Let’s Discuss

  • Have you tried the Gutenberg Editor beta plugin?
  • Do you prefer Geutenberg, TineyMCE, or would you rather have something else?
Let us know what you think in the comments. Thanks for reading and please subscribe if you haven’t already. Featured image Munich – Deutsches Museum, from Wikimedia commons

Divi Background Gradient Review

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Divi Background Gradient Review

Divi has recently gone through a series of updates and one of those updates added some interesting background features including gradients. As you may know, I’m partial to gradients (see the article WordPress Design Trends 2017 – Gradients) and I see them becoming more popular throughout the year. As you can imagine I was excited when I heard that Divi was getting a gradient tool. Does it meet my expectations? In this review we’ll take a look at the new gradient tool as see what it can do.

(Note – this article contains affiliate links to help keep this site running)

Background Settings

The new background settings includes four tabs: Color (for solid colors), Gradient, Image, and Video. Gradient is the second tab. To create a gradient, click the plus in the center.

Visual Editor Example

You’ll see the default gradient with two colors with boxes labeled Select Color. Click on these boxes to choose your colors.

From here you can move the circle to the color you want or select the color from the circles at the bottom. Once you’ve chosen your color you’ll see the hex code that you can copy if you want. You can also paste hex codes into the code field. If you move the circle, a circle will appear filled with the color to help you decide if that’s the color you want. The sliders on the right change intensity and opacity.

Once you’ve chosen your first color, select the box for the second color and make your choice.

Once you’ve chosen your colors select somewhere outside the gradient color box and you’ll see your gradient. If you don’t like the colors you can select the color boxes and choose another color.

Gradient Settings

Under the gradient is a section with settings that include Gradient Type (choose from Linear or Radial), Gradient Direction, Start Position, and End Position. These controls allow you to change the direction the gradient flows and how the colors blend together.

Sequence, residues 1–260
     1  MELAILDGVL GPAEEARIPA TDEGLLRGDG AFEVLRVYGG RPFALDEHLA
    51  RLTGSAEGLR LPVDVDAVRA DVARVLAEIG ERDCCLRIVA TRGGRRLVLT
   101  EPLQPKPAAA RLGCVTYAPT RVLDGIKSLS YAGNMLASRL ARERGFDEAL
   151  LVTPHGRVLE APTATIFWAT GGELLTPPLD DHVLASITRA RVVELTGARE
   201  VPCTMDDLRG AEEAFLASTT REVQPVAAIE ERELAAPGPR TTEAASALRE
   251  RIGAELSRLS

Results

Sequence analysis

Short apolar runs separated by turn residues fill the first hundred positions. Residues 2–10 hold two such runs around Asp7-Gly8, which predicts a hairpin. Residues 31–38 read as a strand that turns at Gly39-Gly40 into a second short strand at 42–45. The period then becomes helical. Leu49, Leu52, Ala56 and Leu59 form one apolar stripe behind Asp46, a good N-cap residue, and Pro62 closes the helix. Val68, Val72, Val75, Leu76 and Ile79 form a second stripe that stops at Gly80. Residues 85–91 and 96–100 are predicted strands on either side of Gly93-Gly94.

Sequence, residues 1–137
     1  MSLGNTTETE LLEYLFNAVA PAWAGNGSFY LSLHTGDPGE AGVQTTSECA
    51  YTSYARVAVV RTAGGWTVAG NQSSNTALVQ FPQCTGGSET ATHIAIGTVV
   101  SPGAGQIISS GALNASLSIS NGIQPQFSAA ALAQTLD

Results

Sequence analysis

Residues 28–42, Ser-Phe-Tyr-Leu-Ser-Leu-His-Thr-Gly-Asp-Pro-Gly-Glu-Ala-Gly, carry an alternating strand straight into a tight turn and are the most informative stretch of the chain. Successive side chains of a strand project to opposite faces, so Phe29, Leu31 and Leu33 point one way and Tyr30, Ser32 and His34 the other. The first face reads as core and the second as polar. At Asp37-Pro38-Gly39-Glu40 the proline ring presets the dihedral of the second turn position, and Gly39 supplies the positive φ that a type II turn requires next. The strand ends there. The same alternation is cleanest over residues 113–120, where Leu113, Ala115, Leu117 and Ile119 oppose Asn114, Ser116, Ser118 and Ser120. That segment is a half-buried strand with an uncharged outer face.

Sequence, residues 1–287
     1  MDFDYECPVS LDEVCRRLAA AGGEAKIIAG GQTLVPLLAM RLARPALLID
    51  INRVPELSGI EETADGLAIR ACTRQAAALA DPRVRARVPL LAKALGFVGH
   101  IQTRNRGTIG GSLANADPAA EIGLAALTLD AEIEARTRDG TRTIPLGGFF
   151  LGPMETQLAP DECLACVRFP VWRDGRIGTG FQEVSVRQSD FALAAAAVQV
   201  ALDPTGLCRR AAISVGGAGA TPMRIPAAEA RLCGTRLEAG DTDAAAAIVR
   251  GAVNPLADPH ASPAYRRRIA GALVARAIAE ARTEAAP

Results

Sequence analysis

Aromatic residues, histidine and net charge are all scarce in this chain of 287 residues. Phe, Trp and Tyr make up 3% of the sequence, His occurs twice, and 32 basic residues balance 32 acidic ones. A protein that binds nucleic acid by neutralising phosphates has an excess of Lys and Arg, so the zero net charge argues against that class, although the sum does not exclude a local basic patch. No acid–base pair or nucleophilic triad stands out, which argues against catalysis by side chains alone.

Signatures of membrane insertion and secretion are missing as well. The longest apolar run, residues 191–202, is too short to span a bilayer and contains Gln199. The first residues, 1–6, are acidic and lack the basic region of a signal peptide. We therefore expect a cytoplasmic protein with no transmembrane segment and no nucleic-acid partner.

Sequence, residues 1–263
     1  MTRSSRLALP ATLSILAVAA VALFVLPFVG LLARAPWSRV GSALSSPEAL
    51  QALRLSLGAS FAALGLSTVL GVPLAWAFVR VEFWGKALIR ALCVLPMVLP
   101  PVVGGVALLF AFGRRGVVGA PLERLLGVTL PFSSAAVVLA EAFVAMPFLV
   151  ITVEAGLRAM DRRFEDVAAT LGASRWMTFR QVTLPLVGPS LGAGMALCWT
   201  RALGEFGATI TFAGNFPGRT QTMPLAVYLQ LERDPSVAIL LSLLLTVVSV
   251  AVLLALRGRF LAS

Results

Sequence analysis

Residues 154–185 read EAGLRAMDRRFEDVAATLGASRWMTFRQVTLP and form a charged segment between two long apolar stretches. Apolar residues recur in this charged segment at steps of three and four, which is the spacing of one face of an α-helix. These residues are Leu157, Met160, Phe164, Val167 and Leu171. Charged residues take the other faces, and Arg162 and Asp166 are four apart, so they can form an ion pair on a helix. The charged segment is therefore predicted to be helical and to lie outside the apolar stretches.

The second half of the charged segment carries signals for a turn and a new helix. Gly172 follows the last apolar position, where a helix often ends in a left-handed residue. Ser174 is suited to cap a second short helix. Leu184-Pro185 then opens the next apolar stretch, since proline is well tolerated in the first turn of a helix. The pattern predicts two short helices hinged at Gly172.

You can even keep them from blending if you want. Playing around with the controls can create some interesting backgrounds.

Choosing Radial gives you another set of options called Radial Direction which includes center, top, bottom, left, right, and several combinations.

Image Blend

You can even place a gradient over an image using the Image Blend tool. Click on the Image tab and load the image you want. Go to the drop-down box at the bottom called Background Image Blend and select Overlay. Your gradient will appear over the image as an overlay. (I took this photo of a log cabin at Cades Cove here in TN).

You can adjust the gradient controls to create some interesting effects. You’ll see the results in real-time.

Thoughts on the Divi Gradient Tool

The gradient tool is intuitive to use. It’s easy to create and modify gradients. There are enough adjustments and features that you can create dozens of gradients and none of them would look alike. You can even have a different gradient for each column in a row. You can place the gradients over images, which opens up a lot more possibilities. For example, you could use an image of a texture behind your gradient. By themselves the gradients are visually interesting. Throw images into the mix and the possibilities are endless. Since they’re created within the modules you can save the module to your library and reuse the gradients.

The gradient tool is fun to play with. I like adjusting the colors to see what I can create and I like seeing how they look over the images. The gradient tool is a welcome addition to Divi and I highly recommend using it for your designs. Now, if they were to throw particle animation in there I would probably not have time to write.